To the unknowing eye, we're quite possibly living the dream. To us and other parents out there who've lost a child to cancer, we know that every memory*, everything good* since 8/31/08 has an asterisk next to it. 

We love you Max. We miss you everyday. We have faith that we will see you again.



June 30 2012 would have been Max's eleventh birthday.

Andy suggested throwing a party - a kids birthday party with Max's friends - and without hesitation I signed right up. Max's birthday has been a hard day for me to handle over the years, and the wonderful distraction of a celebration turned out to be perfect.
Max's buddies dropping off fifty party favor bags (that they assembled) to the oncology unit.

Food was never a great surprise for Max, but who can say no to In N Out?

Every kids' dream - shooting stuff - at Dave & Busters 
(the adult version of Chuck E Cheese)

More shootin'

Tickets for prizes

Air Hockey!

The Buds
Six amazing boys plus our Hannah & Nicky who remember Max and have dropped us notes over the years, raised money for MROF, and are genuinely great kids. 

 We released 11 balloons this day in Max's honor.

I'm not sure where I am in my heart and in my mind four years after Max has gone to heaven. The hole in my heart will always be there, but the edges are slowly getting less jagged... more bearable. It's taken this long for me to come to terms with being broken and whole at the same time. I wonder where Hannah and Nicky are in their hearts and minds? We all have our own places and our own ways of processing grief. And don't kid yourself; the grieving for a child never ends, the journey goes on, it's a part of your life, and there's no "getting over it." 

I lost my dad, age 85, and my brother, age 60 over the past eight months. The grief experienced through these losses is so different than that of Max. His life was so short and incomplete. I try not to wonder what he'd look like now (his friends are so big!). I try not to wonder what his voice would sound like. I try not to wonder how different the relationships in our home would be if the bridge had not left us. I try not to think about these things, because there is nothing that can be done. 

Max was a gift to us - a blessing of immeasurable value. His coming and going changed us forever for the bad and the good. And there is good. Lots of good.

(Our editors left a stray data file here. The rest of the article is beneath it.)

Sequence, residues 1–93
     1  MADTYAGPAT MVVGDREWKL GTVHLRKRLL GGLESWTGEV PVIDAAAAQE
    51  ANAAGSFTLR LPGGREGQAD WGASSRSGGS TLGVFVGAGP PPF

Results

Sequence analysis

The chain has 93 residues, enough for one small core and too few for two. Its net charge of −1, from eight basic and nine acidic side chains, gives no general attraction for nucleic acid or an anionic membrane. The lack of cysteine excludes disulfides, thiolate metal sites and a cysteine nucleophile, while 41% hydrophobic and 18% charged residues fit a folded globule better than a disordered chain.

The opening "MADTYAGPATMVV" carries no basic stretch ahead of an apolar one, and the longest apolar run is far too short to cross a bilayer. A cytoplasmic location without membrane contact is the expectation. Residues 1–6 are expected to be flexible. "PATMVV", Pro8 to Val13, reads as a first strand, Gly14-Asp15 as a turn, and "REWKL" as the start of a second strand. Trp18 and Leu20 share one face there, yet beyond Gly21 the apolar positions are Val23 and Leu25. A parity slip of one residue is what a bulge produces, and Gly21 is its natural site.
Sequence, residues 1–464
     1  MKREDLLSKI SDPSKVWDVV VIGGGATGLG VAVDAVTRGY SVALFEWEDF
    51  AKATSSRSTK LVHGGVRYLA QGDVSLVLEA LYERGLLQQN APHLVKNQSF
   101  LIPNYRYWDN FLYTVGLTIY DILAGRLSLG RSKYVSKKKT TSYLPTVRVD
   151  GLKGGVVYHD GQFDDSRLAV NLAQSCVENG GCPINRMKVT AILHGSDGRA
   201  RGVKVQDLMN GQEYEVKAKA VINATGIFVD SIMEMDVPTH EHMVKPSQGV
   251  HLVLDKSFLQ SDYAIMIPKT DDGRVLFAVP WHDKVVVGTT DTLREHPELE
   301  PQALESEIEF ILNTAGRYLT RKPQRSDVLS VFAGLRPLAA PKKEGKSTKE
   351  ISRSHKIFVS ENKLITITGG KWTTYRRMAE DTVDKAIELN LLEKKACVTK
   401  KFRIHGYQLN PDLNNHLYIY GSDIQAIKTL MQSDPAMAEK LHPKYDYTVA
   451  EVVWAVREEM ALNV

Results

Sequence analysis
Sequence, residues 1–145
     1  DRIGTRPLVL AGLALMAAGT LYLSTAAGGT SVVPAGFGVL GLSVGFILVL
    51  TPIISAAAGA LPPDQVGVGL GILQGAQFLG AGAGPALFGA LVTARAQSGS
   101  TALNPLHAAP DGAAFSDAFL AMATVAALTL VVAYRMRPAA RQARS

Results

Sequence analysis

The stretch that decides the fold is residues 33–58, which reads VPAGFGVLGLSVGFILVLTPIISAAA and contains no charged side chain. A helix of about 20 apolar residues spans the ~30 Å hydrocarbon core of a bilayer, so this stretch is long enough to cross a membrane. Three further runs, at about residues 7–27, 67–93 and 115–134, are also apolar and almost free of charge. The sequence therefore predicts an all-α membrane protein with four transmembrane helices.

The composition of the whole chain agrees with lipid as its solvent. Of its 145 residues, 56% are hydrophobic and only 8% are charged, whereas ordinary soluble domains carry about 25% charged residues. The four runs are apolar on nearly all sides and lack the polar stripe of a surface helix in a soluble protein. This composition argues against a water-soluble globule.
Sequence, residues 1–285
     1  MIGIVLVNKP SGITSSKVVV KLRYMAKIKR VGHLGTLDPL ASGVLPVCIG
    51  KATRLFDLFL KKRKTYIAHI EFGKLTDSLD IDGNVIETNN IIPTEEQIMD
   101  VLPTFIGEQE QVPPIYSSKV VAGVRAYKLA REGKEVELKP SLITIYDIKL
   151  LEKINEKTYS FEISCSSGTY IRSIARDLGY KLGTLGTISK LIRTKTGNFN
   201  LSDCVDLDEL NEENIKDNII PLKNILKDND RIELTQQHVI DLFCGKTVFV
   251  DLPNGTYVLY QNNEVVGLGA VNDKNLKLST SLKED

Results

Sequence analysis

Happy Birthday, my darling boy. 
I love you forever



Brian is one of my best friends since childhood, and lives in Reno, NV. We usually see Brian and his family during our annual Lake Tahoe trip over Christmas, but schedules didn't work out this year and we missed seeing them while up in the (snow-less) North. Brian's daughters - Jillian and Sabrina - know of Max but never met him. They requested to hear a story about Max, and I thought rather than email, I'd post the story here.

Hannah and Max went to KidsGames: a week-long vacation bible school-like day camp held at our church where Hannah, Max and then Nicky went to pre-school. KidsGames ended at noon every day. One day during the summer in 2007, after I got home from work, Hannah and Max were in the backyard still in their camp tees and being very, very silly. We played a game where I would try to take a picture of Hannah on a play structure. Max would then yell "aaaaaaaaaaaaaarrrrrrrrgggggggggghhhhhhhhhhh" and attempt to run in front of the camera right at the moment when I snapped the picture.

The first photo attempt caught Hannah and the photographer by surprise.

Pretty soon we caught on to Max's game.

Still, Hannah and I thought we'd get a photo in before Max could make another pass...

But it was impossible to snap a photo just of Hannah on the play structure. Max continued to run screaming through each photo frame.

Eventually Hannah wanted to give it a shot, so she and Max switched places.

Then they both started making crazy screaming noises, and running in front of my camera.

Even though Max was on oral chemo drugs at the time, it still made him tired. We never knew if he would be wiped-out after KidsGames, and have to take a nap.

This afternoon, August 1, 2007, was one of those all-too-rare "normal" days in the middle many abnormal days.

Max wasn't a kid fighting cancer this afternoon. He was Hannah's little brother, Nicky's big brother, a son, a cousin, a crazy 6-yr old screaming and running around the backyard with his sister in the early-evening summer light.